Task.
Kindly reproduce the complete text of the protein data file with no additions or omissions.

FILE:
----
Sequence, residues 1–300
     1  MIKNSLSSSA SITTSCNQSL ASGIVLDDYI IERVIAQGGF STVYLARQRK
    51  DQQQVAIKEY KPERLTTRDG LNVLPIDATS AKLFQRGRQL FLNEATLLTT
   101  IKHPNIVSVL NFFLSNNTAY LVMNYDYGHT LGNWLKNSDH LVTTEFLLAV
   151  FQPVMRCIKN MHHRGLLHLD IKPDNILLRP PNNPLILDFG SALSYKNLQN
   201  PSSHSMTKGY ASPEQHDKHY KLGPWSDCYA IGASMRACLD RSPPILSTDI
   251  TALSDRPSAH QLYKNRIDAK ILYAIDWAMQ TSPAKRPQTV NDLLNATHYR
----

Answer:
Sequence, residues 1–300
     1  MIKNSLSSSA SITTSCNQSL ASGIVLDDYI IERVIAQGGF STVYLARQRK
    51  DQQQVAIKEY KPERLTTRDG LNVLPIDATS AKLFQRGRQL FLNEATLLTT
   101  IKHPNIVSVL NFFLSNNTAY LVMNYDYGHT LGNWLKNSDH LVTTEFLLAV
   151  FQPVMRCIKN MHHRGLLHLD IKPDNILLRP PNNPLILDFG SALSYKNLQN
   201  PSSHSMTKGY ASPEQHDKHY KLGPWSDCYA IGASMRACLD RSPPILSTDI
   251  TALSDRPSAH QLYKNRIDAK ILYAIDWAMQ TSPAKRPQTV NDLLNATHYR